A second shared characteristic is that both African Christianity and African Christian art are generally communal in orientation. While individual artists are certainly identifiable, many works are signed collectively or remain anonymous. Ostling notes, “African art is created not for museums or living rooms but for the community.”8 He further elaborates its fourfold function, citing Elimo Njau, a prominent Tanzanian-born Lutheran painter, as follows: “Art ‘makes Christianity African;’ provides a new context for worship; stimulates devotion; and teaches the meaning of the Bible through imagery.”9 One striking example in this regard is the “La Vie de Jesus Mafa” series from the Mafa people of Cameroon. The 62 paintings depict the life and teachings of Jesus in local African figures, settings and landscapes, and virtually every scene accentuates Jesus within communal life. Interestingly, a community of Christians enacted each scene, which was photographed, sketched and then painted for liturgical and catechetical purposes. According to the Association Vie de Jesus Mafa, over six million copies of the posters or notecards have been distributed within 83 countries since 1977.10

Another crucial characteristic of both African Christianity and African Christian art is its increasingly indigenous expression. If Christianity was once considered a foreign, European faith, and therefore alien to African soil, African Christians have unequivocally understood and appropriated the universal gospel of Christ in ways that are meaningful and relevant within their own particular contexts. This process of enculturation is remarkably demonstrated in five stunning, twelve by fifteen feet murals depicting key moments in the life of Christ, painted in oils at the Cathedral of the Anglican Church of Kenya (ACK) in Murang’a, Kenya. During the “Emergency” from 1952 to 1960 (a violent conflict between European settlers, British regimens and police, African civilians, and largely Kikuyu Mau Mau freedom fighters), a young African Christian artist was called and commissioned to paint these murals. After living in the community and engaging with various players in this conflict, Elimo Njau— who has since become one of Kenya’s foremost artists—painted the five murals within a single month in 1959. The outstanding panel of scenes portrays the story of Christ’s coming, not only as recorded in the Gospels but also quite clearly, Christ’s coming to Murang’a, the very heartland of Mau Mau.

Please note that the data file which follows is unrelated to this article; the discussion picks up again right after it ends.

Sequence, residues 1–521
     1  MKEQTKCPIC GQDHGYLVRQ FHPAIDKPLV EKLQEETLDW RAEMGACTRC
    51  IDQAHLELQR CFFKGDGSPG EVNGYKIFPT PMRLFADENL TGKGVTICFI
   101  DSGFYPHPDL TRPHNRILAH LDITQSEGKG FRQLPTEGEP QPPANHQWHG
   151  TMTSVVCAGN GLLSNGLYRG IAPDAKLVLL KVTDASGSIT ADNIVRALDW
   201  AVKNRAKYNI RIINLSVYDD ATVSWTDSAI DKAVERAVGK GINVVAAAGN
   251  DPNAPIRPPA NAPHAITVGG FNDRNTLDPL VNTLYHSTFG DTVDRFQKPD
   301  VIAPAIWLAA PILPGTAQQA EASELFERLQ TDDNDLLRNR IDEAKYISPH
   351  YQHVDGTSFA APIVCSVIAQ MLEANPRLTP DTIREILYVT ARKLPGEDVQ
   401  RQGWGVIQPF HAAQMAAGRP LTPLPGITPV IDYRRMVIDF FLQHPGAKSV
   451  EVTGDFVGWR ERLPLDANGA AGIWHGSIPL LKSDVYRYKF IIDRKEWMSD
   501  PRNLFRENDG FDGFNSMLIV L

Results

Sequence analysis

Elimo Njau, The Nativity, from the Jesus Mafa Murals

Elimo Njau, The Nativity, from the Jesus Mafa Murals